Although the Trademark Law has been revised as time changes and the efforts to combat malicious trademark registration continue to rise, but in practice, there will always be cases of trademark squatting and brand owners are unable to resolve through taking legal actions. Taking into account the time cost, the cost of taking legal actions, and other factors, the "buy-it-all" solution still has irreplaceable advantages as long as the price is acceptable. As for how to reduce the risk of facing severe crisis after purchasing trademarks with title defect, we suggest analyzing the types of title defects and treating them differently.

(1) Trademarks that infringes relative rights or should not be registered on the ground of relative reasons:

Due to the five-year time limit for filing an opposition or invalidation, and the requirement that the applicant should be an interested party, if the brand owner buys back a preemptive registration of its own brand, it is less risky. After 5 years of registration, the trademark enters the safe zone.

(2) Trademarks that damage public interest or should not be registered on the ground of absolute reasons:

As for this kind of trademark, invalidation application is not subject to the five-year limit, and applicants are not subject to qualification restrictions. That is to say, anyone can file such an application. Therefore, the risk of buying such trademarks is relatively high, and it is recommended to take corresponding measures to reduce legal risks.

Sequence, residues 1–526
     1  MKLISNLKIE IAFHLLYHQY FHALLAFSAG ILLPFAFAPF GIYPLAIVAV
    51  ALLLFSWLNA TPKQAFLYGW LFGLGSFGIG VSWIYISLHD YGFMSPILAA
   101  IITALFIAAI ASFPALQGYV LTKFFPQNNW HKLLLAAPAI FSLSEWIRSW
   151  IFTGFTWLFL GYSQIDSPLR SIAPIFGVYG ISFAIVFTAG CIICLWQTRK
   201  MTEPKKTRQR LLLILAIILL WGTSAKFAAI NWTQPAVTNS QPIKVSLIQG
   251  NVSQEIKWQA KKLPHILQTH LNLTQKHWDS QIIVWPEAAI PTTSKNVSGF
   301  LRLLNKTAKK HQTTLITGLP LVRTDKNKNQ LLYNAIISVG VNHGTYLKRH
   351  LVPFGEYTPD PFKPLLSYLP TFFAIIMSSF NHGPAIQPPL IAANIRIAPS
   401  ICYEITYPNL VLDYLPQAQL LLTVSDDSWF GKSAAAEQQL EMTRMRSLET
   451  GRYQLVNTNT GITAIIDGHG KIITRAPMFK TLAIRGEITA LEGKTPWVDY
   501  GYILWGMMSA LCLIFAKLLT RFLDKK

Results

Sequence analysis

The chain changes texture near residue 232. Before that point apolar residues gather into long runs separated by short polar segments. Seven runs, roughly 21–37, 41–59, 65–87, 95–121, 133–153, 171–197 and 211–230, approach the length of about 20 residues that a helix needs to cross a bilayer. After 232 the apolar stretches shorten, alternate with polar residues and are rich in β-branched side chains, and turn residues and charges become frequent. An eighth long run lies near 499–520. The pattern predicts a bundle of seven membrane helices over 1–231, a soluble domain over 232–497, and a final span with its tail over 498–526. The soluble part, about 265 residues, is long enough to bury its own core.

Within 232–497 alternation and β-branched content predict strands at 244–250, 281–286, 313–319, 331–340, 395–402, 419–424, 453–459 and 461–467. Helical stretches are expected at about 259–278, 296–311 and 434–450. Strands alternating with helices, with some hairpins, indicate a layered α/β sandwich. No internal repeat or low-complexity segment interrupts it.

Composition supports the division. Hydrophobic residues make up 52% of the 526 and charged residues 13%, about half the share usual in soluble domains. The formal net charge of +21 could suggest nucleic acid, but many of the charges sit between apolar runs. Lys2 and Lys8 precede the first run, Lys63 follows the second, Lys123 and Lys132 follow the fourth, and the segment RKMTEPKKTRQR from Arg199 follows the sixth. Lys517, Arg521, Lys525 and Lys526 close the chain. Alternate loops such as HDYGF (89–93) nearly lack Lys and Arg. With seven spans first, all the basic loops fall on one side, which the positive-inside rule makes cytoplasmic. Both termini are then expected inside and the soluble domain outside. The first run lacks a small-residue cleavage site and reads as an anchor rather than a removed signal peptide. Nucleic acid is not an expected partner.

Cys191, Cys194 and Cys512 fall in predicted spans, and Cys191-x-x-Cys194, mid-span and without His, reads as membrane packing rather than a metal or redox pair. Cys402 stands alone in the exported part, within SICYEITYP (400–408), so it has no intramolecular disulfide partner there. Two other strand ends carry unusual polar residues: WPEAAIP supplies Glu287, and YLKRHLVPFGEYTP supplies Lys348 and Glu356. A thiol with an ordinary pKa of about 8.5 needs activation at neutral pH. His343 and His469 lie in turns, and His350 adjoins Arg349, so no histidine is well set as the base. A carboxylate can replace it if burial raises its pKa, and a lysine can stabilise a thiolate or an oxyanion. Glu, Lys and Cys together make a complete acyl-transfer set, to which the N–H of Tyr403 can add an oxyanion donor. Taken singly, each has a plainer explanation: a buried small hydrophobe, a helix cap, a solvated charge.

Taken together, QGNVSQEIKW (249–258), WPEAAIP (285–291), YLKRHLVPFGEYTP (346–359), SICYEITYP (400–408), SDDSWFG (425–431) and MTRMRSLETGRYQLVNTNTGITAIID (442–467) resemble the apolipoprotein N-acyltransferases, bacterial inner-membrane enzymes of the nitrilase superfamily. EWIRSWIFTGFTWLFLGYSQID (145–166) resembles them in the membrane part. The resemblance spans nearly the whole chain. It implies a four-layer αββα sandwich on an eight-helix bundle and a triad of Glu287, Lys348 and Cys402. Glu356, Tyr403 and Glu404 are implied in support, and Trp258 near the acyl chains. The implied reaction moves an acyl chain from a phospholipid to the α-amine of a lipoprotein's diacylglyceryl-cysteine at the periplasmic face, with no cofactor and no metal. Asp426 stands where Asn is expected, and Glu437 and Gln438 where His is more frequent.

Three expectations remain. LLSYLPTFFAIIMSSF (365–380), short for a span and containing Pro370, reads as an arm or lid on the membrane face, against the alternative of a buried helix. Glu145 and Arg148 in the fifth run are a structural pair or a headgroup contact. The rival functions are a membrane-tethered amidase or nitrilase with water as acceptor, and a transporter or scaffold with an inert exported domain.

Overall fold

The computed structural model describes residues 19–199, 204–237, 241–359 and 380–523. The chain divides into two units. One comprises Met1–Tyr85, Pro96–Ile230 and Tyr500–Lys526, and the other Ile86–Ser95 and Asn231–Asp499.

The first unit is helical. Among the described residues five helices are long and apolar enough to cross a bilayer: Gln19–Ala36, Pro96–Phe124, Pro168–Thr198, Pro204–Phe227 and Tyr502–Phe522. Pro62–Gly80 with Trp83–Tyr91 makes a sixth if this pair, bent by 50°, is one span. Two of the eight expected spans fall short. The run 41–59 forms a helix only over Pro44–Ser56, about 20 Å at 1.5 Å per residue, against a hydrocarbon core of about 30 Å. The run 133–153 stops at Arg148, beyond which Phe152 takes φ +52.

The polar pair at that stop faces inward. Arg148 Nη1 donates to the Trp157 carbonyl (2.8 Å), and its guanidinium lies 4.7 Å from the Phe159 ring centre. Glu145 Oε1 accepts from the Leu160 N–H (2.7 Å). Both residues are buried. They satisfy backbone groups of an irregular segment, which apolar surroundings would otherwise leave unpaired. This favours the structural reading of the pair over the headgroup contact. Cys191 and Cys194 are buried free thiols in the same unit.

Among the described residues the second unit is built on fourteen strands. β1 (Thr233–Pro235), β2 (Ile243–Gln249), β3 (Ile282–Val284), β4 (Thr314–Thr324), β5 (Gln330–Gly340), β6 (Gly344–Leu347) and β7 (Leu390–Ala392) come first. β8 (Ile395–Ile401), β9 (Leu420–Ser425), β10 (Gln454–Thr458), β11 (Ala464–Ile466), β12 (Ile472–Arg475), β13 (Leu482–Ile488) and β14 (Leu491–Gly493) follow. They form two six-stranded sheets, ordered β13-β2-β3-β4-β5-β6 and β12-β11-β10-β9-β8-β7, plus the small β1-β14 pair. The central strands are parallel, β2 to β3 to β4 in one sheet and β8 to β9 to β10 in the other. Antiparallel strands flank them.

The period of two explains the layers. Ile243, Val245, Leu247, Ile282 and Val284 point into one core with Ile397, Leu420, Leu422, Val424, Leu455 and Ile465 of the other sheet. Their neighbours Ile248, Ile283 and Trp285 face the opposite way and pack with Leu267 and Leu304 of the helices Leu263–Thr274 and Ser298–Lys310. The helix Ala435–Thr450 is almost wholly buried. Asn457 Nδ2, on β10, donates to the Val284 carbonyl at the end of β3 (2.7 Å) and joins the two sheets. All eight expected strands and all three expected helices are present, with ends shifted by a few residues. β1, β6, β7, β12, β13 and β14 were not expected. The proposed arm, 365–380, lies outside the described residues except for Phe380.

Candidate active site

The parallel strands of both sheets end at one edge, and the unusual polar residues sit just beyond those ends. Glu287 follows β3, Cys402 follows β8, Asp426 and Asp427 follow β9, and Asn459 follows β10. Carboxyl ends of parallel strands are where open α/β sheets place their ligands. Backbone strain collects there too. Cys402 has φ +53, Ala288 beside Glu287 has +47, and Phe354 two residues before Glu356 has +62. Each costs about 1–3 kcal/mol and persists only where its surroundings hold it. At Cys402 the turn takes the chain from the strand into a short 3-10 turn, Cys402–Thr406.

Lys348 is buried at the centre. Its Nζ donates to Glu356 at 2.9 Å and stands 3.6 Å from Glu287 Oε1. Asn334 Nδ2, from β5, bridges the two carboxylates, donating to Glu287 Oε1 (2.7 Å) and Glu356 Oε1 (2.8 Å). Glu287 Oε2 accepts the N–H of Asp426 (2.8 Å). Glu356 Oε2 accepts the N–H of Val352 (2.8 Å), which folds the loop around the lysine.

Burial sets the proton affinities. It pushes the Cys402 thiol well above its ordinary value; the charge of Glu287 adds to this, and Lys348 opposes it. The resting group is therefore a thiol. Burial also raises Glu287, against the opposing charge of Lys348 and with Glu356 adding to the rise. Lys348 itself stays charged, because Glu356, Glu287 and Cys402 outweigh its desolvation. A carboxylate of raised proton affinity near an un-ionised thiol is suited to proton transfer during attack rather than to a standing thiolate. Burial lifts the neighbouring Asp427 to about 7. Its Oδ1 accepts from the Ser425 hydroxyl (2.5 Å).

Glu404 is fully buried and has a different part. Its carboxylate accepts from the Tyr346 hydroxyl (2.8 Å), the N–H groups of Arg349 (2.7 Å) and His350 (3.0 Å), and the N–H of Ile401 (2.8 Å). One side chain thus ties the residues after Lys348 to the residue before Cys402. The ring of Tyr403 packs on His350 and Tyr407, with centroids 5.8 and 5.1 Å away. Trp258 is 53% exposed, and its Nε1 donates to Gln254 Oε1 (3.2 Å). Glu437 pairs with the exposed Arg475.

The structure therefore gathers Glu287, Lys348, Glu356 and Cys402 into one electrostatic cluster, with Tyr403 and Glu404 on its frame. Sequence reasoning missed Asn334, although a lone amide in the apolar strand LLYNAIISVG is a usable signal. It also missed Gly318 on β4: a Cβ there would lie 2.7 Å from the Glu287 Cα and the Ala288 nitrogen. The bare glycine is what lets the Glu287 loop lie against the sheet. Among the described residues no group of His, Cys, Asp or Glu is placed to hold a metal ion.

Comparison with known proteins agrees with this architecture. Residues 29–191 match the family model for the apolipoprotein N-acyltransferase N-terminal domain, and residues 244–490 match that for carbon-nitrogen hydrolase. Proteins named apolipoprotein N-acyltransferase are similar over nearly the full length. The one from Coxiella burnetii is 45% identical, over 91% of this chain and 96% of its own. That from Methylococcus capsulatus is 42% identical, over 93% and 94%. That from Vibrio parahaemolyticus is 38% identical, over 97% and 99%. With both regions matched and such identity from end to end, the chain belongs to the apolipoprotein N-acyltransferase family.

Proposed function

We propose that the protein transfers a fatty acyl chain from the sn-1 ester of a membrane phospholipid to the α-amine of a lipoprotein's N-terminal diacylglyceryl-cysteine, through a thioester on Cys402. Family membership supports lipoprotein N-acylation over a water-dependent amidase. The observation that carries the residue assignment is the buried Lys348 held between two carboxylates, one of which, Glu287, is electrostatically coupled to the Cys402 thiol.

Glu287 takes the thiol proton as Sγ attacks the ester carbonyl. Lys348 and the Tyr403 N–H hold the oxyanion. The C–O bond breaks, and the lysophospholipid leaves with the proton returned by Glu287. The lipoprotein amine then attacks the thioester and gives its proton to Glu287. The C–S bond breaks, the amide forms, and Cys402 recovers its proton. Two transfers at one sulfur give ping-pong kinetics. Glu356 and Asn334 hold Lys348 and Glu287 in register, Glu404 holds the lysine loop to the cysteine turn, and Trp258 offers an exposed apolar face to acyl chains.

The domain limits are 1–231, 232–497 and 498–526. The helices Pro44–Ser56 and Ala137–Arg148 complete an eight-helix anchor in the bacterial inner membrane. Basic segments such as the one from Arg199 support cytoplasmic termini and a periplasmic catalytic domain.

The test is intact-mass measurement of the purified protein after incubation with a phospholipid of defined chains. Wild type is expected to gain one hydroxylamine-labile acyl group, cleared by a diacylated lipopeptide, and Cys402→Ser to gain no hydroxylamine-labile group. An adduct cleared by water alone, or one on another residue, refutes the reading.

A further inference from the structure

Taking the violation of Article 44 of Trademark Law as an example, it is suggested to submit one or more identical or similar trademark applications after the trademark transfer is completed. On the one hand, the assigned trademark serves as a shield that helps block others from registering identical and similar trademarks and increases the transferee"s chances to successfully apply for identical or similar trademarks in the future. On the other hand, once the assigned trademark is invalidated, a series of latter registered trademarks can take over and prolong the rights of the assigned trademark.

The above is the discussion of our case-handling experience around the legal risks of trademark transfer. On top of this, when a company plans for a merger or investing in shares, the trademark rights of the target company or invested company often becomes one of the core assets of the transaction. The corresponding trademark cases and legal risks related to this will be analyzed in subsequent articles.